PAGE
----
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The Holy Father at Regensburg

The Holy Father at Regensburg

I recently received a comment from a viewer on another blog post that had to do with the topic of ecumenism. Since I find the topic to be interesting to me, I’ve decided to write an entire post about it.

First of all, ecumenism is not what many traditionalist Catholics take it to mean. The ecumenical movement centers around the idea that religions can work together to solve the world’s problems. This means that there are various ecumenical meetings and conferences that take place throughout the world. These have happened numerous times throughout the last several decades and continue today.

One of the reasons for why ecumenism has become so important is that Catholics have come to the realization that we are not in this alone. In order for certain world problems to be solved, we need to collaborate and work with other religions. On the one hand, this means that a certain amount of tolerance must be exerted towards the religions in question. Yet we must also realize that this tolerance should not degenerate into allowing the Buddhists to erect a shrine of the Buddha in the Vatican or Hindus to have services at Fatima. That is taking the idea of ecumenism a little bit too far for comfort.

I remember a number of years ago when the Hindus showed up at Fatima and performed a ceremony there. A great howl of outrage was heard from all corners of the Catholic world. Certain persons believed that the Pope was a heretic for allowing such things to happen at a Marian shrine. Others thought that it was too little. Basically, everybody was up in arms over what happened. Yet it seems to me that the incident at Fatima was an example of an abuse. We hear about liturgical abuses every day, but what about ecumenical abuses? That is entirely possible, is it not?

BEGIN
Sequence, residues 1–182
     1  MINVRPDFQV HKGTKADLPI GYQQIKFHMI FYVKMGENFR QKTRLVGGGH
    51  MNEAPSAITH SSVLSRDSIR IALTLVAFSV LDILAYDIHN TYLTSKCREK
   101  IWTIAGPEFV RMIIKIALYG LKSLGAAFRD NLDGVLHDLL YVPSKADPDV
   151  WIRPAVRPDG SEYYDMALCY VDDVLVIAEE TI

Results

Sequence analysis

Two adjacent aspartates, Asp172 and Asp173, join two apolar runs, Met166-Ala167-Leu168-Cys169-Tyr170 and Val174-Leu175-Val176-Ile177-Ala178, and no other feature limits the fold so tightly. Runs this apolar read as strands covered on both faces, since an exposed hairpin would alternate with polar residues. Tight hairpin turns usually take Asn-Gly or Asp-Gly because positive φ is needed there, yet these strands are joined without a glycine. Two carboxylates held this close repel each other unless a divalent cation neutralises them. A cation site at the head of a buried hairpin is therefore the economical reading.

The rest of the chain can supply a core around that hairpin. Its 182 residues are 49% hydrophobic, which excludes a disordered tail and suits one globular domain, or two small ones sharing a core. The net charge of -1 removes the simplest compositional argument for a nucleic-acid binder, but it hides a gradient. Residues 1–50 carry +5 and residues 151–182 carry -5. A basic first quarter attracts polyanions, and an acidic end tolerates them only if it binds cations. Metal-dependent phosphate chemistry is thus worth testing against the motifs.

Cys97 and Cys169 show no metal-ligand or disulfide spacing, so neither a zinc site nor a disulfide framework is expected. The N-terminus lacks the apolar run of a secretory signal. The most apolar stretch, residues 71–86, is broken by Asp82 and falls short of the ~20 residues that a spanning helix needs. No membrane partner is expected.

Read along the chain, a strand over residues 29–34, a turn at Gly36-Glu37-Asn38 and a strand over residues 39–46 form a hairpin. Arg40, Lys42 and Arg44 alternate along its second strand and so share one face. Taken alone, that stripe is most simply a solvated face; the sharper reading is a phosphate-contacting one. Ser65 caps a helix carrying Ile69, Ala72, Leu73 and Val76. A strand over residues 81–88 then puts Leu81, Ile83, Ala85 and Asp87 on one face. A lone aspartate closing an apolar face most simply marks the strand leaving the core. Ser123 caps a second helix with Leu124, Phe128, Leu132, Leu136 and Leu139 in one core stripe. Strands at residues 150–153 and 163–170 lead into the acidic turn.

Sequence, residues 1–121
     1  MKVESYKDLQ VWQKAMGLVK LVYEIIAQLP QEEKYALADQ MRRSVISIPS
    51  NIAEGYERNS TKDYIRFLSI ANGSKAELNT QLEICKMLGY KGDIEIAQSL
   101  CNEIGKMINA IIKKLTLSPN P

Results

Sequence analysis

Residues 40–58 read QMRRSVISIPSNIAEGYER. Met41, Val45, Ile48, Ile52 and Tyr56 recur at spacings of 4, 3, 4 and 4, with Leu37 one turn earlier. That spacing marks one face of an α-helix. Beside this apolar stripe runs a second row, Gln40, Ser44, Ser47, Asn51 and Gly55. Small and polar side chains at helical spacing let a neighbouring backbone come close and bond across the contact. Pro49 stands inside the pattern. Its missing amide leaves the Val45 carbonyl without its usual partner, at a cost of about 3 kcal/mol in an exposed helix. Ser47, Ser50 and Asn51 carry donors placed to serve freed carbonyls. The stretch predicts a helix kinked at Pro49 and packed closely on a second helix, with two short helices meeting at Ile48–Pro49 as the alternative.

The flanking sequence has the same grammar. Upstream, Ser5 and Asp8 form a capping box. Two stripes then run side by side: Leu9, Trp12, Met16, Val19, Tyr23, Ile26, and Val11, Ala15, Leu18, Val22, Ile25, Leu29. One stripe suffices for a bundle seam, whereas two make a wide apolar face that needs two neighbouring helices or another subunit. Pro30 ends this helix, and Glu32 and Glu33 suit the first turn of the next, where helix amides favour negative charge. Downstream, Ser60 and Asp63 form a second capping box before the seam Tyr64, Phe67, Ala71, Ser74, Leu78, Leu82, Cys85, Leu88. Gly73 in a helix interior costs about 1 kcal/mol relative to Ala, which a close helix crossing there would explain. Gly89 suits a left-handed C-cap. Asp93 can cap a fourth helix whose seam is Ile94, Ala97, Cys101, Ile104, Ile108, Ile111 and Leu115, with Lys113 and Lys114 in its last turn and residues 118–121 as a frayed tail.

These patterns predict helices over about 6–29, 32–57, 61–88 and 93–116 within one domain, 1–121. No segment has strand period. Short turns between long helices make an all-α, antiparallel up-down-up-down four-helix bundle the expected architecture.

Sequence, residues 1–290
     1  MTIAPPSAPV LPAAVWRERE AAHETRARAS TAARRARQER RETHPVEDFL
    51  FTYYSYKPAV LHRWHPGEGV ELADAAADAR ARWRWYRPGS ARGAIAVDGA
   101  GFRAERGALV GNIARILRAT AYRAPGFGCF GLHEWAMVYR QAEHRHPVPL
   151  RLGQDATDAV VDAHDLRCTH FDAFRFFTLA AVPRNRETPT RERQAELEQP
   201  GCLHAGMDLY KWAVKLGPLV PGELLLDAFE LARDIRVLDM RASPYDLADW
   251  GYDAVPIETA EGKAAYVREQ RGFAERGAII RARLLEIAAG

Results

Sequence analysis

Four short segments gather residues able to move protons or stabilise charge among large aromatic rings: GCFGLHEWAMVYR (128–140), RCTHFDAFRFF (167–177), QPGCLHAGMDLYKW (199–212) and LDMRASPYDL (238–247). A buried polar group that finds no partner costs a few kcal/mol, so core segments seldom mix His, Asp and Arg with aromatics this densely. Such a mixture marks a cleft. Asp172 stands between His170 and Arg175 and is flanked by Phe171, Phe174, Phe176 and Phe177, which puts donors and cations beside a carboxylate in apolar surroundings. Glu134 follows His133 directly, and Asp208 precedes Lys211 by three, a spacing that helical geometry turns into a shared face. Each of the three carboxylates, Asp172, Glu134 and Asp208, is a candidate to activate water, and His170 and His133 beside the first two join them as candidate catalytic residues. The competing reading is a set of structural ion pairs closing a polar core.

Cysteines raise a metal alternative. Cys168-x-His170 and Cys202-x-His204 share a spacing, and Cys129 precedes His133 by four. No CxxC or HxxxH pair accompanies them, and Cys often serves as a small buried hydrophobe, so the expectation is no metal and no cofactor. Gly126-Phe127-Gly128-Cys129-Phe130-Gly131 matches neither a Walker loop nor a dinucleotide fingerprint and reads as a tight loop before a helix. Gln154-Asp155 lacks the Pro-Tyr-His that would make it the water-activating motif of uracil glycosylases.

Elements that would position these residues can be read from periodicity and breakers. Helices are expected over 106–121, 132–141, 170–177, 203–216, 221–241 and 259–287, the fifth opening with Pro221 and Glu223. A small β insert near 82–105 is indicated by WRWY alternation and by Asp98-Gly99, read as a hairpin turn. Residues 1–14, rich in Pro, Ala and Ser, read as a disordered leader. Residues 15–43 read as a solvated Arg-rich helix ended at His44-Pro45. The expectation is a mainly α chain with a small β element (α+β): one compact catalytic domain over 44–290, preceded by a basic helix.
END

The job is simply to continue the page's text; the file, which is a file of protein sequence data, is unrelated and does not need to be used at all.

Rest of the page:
It seems to me that certain people hurl a lot of vitriol at the Holy Father for certain things that he has done in recent years. For example, he visited Istanbul and kissed a Quran. I’m sure that for some of my readers this was a bit much, but we clearly know where the Holy Father stands with regard to Islam and Muslims. During the Regensburg address, he clearly stated that Islam was not a religion of peace and he did not make any bones about it. I see his veneration of the Quran (if we can call it that) as a sign of respect for Muslims and their religious traditions. Nothing more and nothing less.

This year, Pope Benedict appeared at one of the oldest synagogues in the United States. Once again, traditionalists and ultraconservatives were up in arms about what the Pope did. Yet it seems to me that there is nothing wrong with the Pope visiting a synagogue. After all, there are rabbis and other Jews who visit the Vatican. I really don’t see what was so abhorrent about this.

It seems to me that certain traditionalist commentators such as Dr. Thomas A. Droleskey and Fr. Anthony Cekada would say that Pope Benedict has even genuflected to the Jews by having the Good Friday prayer revised. Yet it seems to me that we cannot call the Jews “perfidious.” The fact of the matter is that the Old Covenant passed to the Catholic Church, but we should not view the Jews as being anything other than the original group to whom God made His promises of a Messiah. Yes, mistakes were made along the way, but times have changed and so have inter-religious relations.

It seems to me that certain people see the ecumenical movement as part of the ushering in of a one world government. Yet it seems to me that this is nothing more than a conspiracy theory. The one world government will come about through other channels. Nor can it be said that the Mass was revised to please Protestant and Orthodox visitors to Vatican II, but that I will hold off on for another day.

Our Lady of the Angels, pray for us!

St. Joseph, pray for us!

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